Industry Outraged by 60 Minutes/De Beers Profile

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The CBS News 60 Minutes profile on De Beers that aired February 18 was no surprise to the diamond industry. The piece was filmed back during the June 2000 DTC sight in London. For eight months, sightholders and other manufacturers waited for the piece to air, told that the segment might appear later that year. Kevin Tedesco, a spokesman for 60 Minutes, explained that the De Beers piece wasn’t delayed as some in the industry believe, but was aired when they had the right “mix” of pieces.

“We were all concerned that it was going to air before the holiday, and hurt the season,” said sightholder Marvin Samuels of Premier Gem. “We didn’t know what direction it would go.”

The “direction” the profile did go, industry leaders observed, resulted in a biased profile of De Beers linked to market manipulation and conflict diamonds. In the span of 14-minutes, reporter Bob Simon referred to De Beers as a “cartel” eight times. Images of diamond commercials were interspersed with explicit images of Sierra Leone amputee camp victims. One visual of a girl whose arms had been cut off by Sierra Leone rebels was accompanied by the Simon voiceover, “Diamonds are not this girl’s best friend.”

Sightholder William Goldberg, principal of William Goldberg Diamond Corp., was interviewed by Simon, and selected segments of the conversation appeared in the televised segment. The interview included Goldberg saying on the way to the DTC sight that he expected “exciting items,” but when pressed by Simon, he said that most of the time the rough he received was mixed, with much of it not what he really wanted.

A moment later, a voiceover of Simon is heard saying: “Bill Goldberg has done nothing illegal, but he has, in effect, laundered the diamonds of De Beers.”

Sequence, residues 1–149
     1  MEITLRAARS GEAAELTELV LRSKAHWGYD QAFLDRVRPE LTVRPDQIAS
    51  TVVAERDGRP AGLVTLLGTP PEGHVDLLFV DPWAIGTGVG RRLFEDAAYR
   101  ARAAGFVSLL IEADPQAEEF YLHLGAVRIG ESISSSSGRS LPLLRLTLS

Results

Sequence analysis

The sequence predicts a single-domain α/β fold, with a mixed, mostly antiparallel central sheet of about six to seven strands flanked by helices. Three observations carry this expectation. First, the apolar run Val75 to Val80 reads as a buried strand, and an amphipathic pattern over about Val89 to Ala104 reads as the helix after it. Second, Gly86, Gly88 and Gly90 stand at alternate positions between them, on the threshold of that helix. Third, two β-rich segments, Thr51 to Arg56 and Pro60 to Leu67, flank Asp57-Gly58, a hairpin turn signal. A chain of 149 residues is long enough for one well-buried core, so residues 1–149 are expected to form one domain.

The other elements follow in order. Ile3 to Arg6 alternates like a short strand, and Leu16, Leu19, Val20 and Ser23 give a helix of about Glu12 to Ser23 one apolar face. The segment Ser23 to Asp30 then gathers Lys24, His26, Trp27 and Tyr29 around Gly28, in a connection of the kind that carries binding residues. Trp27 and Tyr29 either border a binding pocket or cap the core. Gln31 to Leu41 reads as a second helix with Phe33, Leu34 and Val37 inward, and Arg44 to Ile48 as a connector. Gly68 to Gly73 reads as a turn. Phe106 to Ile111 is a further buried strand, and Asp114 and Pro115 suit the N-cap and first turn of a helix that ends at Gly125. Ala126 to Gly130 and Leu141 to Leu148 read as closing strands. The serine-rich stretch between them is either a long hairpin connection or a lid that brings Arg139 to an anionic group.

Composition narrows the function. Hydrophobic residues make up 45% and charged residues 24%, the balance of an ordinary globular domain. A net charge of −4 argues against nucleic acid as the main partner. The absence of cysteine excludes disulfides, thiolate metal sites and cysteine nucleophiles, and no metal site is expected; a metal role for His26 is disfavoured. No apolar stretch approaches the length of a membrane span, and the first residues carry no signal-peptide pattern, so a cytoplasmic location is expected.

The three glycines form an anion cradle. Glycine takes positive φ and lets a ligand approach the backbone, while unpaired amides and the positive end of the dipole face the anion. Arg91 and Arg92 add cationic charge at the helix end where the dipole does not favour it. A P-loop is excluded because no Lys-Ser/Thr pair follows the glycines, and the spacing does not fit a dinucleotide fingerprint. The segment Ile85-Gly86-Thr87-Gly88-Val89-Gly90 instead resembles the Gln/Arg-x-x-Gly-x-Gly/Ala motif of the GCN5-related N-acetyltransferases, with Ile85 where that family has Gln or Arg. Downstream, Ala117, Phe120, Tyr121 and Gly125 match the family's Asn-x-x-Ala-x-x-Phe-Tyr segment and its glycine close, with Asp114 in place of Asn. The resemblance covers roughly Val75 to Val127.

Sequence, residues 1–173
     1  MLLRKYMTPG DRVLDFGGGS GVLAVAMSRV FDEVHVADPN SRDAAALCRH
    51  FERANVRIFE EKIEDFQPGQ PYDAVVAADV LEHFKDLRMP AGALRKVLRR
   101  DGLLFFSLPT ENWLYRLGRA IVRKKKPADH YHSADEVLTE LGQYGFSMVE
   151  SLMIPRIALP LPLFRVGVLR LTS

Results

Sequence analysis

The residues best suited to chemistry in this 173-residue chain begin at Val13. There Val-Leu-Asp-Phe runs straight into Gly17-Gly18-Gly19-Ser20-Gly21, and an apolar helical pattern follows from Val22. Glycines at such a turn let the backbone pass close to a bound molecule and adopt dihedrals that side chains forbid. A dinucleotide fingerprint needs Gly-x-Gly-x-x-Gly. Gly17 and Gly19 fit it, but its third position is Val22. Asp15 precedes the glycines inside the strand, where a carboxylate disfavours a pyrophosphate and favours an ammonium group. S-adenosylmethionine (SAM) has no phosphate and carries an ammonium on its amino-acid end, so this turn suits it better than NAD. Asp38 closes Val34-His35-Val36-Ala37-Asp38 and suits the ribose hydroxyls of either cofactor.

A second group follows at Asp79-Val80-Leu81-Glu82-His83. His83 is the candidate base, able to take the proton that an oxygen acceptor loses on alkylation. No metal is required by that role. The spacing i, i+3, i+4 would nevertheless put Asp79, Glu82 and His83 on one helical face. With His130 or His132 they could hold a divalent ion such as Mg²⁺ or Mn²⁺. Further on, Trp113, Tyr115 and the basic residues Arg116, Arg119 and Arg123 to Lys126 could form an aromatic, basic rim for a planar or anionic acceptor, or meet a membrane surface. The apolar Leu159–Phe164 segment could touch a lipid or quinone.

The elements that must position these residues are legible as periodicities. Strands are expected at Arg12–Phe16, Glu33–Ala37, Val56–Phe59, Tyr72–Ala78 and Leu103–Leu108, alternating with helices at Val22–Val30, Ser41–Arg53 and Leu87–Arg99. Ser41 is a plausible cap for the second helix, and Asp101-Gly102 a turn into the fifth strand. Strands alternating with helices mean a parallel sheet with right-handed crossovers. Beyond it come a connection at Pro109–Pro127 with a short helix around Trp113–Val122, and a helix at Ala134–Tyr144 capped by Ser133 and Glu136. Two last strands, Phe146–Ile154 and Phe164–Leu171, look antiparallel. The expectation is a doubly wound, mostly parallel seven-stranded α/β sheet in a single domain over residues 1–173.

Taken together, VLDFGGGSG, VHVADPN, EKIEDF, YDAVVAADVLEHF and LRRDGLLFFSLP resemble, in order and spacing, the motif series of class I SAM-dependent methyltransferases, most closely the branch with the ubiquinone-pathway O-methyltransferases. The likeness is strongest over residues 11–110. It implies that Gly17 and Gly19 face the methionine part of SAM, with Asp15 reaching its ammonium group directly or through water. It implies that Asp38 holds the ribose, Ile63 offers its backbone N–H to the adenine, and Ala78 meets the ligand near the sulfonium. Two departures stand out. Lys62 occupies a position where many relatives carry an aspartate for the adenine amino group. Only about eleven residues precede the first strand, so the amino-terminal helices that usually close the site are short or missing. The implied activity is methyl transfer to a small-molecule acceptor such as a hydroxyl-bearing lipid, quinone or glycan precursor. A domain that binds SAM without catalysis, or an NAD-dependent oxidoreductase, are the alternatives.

Goldberg told RDR that while he had no problem with his own appearance on the program, the overall edited piece “was the most irresponsible, inaccurate and vicious kind of program one can imagine. I feel violated.”

Saul Goldberg, who was shown on the program with his father back at their New York office, offered his reflections on the 60 Minutes experience: “Bob Simon backstabbed the industry,” he said. “He came in friendly, talking about the glamour of diamonds and the intrigue of the industry.” What resulted on the TV screen before millions of viewers, he said, was a story that “tried to make the industry look bad. It was totally unfair. The overall message was one-sided.” He noted, however, that the impact of the program would pass shortly, but that his father would never do it again.

Louis Glick of Louis Glick & Co. was at the sight when 60 Minutes was filming. He spoke with members of the program, but, said Glick, “What I said didn’t fit their agenda. I spoke motherhood and apple pie.” As far as Goldberg’s comments that appeared in the final cut, Glick said, “They isolated a few statements and tried to bury the Syndicate. They accomplished their agenda. It was very unfair.” He believes that the message communicated in the segment about De Beers will temporarily hurt sales because “people are turned off” to the diamond trade.

Roger Van Eeghen, with the DTC public affairs office in the United Kingdom, thought that the 60 Minutes piece was “a backstabbing job. It concerns us hugely. It is much more hostile than we had been led to believe.” Van Eegen said that De Beers offered the producers of the TV show information on Debswana “but they said no thank you.”